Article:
June 23, 2024

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The Many Surprising Benefits of Aquatic Therapy

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A majority of American have scant or no knowledge about aquatic therapy despite the treatment method boasting some incredible benefits. With the over 180,000 fitness clubs all over the globe, most of them offering aquatic therapy, it doesn’t make sense why many individuals show no interest or have no knowledge on aquatic therapy and how beneficial it could be.

This post will give you the low down on what exactly aquatic therapy is and will also highlight some key benefits of aqua therapy that most people probably don’t know.

What Is Aquatic Therapy?

Aquatic therapy is a physical rehabilitation technique that includes a variety of physical movements and stretching exercises done inside water. It is an extremely effective method of therapy that helps with multiple medical conditions, accelerates healing, and improves general well-being.

Benefits of Aquatic Therapy

1. Offers Resistance for More Effective Movements

Water offers great resistance to motion compared to exercising out in the open. Take the case of water polo or swimming, which are very energy-intensive exercises that burn a lot of calories in a short time because of water resistance. This resistance offered by water is great for toning muscles that have weakened or atrophied. The water resistance also helps reduce pain and prevent falling injuries because of buoyancy.

2. Makes it Easy for Your Personal trainer to Work with You

Unlike ordinary chiropractic treatments in the spa or gym, aquatic therapy doesn’t limit access of your trainer to other parts of the body. Aquatic therapy doesn’t happen on a table or flat surface but inside water where the chiropractor can move around your body and target the specific areas that need treatment. This ease of movement makes it more comfortable for both you and your personal trainer during your treatment.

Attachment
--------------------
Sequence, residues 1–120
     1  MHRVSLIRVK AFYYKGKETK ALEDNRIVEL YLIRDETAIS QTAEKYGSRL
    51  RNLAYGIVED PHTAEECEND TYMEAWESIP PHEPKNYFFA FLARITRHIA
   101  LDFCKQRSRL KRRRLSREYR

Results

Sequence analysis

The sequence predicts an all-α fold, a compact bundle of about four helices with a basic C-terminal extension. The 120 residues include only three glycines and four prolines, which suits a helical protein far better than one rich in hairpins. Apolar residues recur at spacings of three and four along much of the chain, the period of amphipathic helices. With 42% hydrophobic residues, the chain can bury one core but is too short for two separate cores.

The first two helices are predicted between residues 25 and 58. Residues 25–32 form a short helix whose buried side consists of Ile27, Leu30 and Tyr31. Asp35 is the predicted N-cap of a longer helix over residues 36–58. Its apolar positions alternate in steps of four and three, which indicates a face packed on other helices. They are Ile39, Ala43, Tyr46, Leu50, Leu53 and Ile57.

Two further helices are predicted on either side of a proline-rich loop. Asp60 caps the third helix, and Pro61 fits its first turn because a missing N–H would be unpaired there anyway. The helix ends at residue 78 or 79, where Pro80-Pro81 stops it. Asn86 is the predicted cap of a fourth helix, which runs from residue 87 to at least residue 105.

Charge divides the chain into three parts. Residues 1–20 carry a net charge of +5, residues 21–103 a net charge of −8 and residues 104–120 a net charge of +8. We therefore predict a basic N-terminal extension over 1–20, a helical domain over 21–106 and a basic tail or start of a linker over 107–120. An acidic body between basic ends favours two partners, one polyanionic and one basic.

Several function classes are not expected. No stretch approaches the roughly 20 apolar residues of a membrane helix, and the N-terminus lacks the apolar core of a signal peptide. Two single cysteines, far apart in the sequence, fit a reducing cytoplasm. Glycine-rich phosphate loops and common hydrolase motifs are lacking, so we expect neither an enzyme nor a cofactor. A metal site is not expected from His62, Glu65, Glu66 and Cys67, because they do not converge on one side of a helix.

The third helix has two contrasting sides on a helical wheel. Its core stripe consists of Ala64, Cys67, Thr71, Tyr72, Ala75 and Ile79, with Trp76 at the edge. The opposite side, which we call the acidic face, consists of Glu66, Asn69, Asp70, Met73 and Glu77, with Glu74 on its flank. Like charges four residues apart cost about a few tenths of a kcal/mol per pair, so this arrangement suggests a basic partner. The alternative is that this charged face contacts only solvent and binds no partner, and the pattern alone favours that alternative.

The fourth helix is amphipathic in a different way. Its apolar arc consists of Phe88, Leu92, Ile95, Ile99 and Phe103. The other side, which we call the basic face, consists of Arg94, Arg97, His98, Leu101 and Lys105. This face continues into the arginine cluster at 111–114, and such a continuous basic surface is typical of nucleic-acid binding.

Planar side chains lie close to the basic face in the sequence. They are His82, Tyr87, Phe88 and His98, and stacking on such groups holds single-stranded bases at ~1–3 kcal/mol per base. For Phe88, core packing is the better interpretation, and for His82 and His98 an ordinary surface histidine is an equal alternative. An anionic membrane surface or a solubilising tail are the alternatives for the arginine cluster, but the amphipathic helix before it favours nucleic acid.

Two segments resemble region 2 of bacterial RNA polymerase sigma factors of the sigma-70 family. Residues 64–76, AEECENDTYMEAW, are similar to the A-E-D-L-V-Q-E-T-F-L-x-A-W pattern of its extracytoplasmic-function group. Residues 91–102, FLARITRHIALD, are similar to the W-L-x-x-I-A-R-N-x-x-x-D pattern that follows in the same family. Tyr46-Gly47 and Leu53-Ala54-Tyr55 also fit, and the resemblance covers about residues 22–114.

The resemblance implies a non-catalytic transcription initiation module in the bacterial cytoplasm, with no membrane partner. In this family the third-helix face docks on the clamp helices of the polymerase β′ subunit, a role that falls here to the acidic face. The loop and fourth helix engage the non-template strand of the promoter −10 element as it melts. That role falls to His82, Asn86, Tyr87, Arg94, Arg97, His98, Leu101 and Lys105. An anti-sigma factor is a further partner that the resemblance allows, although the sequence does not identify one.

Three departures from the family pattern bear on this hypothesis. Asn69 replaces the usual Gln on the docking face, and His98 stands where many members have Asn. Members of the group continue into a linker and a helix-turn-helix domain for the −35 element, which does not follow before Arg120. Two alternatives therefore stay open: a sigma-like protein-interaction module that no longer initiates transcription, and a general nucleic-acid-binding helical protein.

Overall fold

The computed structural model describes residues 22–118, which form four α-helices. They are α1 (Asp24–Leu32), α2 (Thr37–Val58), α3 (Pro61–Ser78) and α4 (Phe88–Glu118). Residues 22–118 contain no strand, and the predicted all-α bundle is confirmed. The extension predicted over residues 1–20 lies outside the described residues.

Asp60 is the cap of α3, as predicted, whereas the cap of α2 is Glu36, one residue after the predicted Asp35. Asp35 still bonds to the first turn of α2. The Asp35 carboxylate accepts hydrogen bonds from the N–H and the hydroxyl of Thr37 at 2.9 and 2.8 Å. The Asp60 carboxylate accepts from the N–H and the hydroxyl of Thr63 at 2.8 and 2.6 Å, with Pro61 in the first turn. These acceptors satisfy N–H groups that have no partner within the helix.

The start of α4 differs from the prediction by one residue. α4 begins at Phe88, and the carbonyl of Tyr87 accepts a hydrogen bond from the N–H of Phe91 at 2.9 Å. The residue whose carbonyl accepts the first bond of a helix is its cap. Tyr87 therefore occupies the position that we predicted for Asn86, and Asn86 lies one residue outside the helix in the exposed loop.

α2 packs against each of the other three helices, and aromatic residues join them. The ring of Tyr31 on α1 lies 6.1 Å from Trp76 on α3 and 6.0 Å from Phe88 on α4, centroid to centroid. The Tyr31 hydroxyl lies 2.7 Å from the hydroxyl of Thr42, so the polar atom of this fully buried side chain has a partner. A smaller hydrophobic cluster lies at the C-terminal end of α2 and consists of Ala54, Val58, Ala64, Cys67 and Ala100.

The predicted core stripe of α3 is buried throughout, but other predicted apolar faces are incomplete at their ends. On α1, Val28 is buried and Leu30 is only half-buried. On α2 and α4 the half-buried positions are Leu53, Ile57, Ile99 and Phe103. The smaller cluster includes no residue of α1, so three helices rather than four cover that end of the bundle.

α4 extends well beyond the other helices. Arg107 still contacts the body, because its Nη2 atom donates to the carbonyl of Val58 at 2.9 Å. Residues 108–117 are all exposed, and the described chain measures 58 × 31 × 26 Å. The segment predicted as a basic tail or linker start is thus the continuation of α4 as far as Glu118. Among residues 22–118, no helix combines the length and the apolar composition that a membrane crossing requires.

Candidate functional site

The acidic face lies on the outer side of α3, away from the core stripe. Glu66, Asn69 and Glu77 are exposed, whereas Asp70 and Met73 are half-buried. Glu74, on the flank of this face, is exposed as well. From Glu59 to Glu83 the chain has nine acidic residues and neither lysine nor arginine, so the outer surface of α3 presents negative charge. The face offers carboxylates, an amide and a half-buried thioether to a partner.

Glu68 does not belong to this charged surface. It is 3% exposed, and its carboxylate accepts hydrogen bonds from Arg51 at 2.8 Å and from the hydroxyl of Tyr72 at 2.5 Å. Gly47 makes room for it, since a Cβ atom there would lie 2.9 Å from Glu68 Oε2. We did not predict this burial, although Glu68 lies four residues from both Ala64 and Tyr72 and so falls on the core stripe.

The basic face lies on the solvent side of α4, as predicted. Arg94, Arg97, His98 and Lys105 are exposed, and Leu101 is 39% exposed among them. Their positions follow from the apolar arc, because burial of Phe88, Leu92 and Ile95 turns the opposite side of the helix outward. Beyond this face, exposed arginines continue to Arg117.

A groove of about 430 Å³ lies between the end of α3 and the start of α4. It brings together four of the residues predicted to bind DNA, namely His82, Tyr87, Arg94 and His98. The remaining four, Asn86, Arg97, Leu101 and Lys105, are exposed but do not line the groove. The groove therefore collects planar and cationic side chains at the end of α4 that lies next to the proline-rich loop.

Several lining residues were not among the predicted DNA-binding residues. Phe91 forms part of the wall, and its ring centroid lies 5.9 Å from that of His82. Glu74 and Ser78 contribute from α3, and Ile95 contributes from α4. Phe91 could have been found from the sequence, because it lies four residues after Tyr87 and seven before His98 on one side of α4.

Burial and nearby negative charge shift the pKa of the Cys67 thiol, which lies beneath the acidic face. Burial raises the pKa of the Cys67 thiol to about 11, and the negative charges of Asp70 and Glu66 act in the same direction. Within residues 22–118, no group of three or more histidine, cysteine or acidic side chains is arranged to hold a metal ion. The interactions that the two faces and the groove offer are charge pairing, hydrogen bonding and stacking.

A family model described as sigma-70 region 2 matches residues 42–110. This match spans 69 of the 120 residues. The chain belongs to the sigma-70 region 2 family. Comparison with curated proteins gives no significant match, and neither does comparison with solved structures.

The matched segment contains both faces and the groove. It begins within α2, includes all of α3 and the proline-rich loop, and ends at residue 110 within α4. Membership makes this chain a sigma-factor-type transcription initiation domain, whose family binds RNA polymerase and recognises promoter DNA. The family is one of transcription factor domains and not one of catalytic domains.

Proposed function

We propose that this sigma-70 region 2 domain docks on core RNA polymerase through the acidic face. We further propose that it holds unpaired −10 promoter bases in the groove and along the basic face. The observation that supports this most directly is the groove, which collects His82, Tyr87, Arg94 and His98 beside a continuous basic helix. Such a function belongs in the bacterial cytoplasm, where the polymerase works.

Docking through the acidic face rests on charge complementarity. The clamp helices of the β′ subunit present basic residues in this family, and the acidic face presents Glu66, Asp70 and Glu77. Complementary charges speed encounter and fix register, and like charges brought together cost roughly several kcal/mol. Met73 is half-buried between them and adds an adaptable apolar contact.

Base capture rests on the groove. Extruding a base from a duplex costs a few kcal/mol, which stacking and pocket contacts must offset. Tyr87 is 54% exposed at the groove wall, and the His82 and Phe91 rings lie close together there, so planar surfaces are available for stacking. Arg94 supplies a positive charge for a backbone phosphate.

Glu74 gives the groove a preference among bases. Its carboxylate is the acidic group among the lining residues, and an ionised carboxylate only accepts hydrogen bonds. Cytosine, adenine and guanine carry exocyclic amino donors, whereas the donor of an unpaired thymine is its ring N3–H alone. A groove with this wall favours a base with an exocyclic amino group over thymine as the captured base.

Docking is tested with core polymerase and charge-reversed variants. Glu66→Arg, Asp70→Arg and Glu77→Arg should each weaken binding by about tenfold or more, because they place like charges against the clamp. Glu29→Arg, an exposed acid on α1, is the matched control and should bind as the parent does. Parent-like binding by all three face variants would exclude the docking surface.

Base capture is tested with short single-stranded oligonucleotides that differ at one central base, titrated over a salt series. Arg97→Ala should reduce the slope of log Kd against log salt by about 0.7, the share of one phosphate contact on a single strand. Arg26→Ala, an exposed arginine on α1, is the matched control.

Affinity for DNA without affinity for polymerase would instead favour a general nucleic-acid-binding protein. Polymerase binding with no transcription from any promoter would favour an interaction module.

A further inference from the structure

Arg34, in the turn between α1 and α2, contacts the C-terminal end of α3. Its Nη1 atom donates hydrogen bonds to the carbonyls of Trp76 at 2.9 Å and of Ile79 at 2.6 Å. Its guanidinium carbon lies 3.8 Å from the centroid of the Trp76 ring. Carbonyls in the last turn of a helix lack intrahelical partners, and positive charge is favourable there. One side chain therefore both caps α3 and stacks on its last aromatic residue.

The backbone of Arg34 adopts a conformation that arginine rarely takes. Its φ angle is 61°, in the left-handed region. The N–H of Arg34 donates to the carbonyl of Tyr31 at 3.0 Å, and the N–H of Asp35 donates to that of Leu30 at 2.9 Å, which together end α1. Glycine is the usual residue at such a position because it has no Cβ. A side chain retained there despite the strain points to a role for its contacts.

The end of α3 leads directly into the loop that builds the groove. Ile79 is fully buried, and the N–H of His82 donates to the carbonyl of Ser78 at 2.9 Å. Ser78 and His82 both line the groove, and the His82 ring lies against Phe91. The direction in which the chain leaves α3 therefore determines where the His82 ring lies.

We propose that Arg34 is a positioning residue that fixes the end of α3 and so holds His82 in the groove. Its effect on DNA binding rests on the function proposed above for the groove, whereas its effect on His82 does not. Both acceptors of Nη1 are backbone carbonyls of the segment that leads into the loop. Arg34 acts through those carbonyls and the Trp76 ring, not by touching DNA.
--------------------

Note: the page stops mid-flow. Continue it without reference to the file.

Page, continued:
3. Relaxes Your Muscles

Muscle soreness is the result of lactic acid build up in your blood vessels. Warm water helps improve blood circulation by causing the vessels to dilate. This dilation, which improves the blood flow, helps blood carry away the lactic acid and reduce its build up in the vessels, thus decreasing muscle soreness. You’ll then be able to perform the various physical movements with good form because your muscles will be relaxed and your soreness will have disappeared.

4. Hydrostatic Pressure

When water engulfs your body, it exerts pressure greater than that of air, since water is denser than the atmosphere. This pressure that water exerts on your body is called hydrostatic pressure and has very many benefits on the body. First, the increased pressure causes the lungs to work harder because of the extra pressure directed on the chest cavity, increasing blood flow across the body and air circulation in the lungs. Secondly, it helps relieve chronic muscles aches because the water acts as a full-body compression bandage.

5. Soothing and Relaxing

The gentle ripples of water as you move through it acts like a natural massager to soothe your entire body. The water molecules surrounding your body will help improve blood circulation, alleviate muscle tiredness and soreness and also feel good on your skin. You can even ask your trainer to use a paddle to direct gentle currents to specific parts of your body to work on the problem areas.

6. Fun, Exciting and Lighthearted

Unlike aerobics and other fitness classes, aquatic therapy sessions are more relaxed and light without rigorous physical exercises and constant sweating. This atmosphere makes aquatic therapy pretty fun and exciting, especially with the right trainer. You can increase the fun tenfold when you have your aquatic therapy sessions in groups. The whole session can culminate in a splashing competition or a swimming pool dance-off. This positive mood and cheerful atmosphere are great for the mental health and general well-being or recovering patients.

If you’ve never considered physical therapy, hopefully, you’re convinced to do otherwise. Remember, these benefits are just the tip of the iceberg, and there’s a lot more beneath the surface.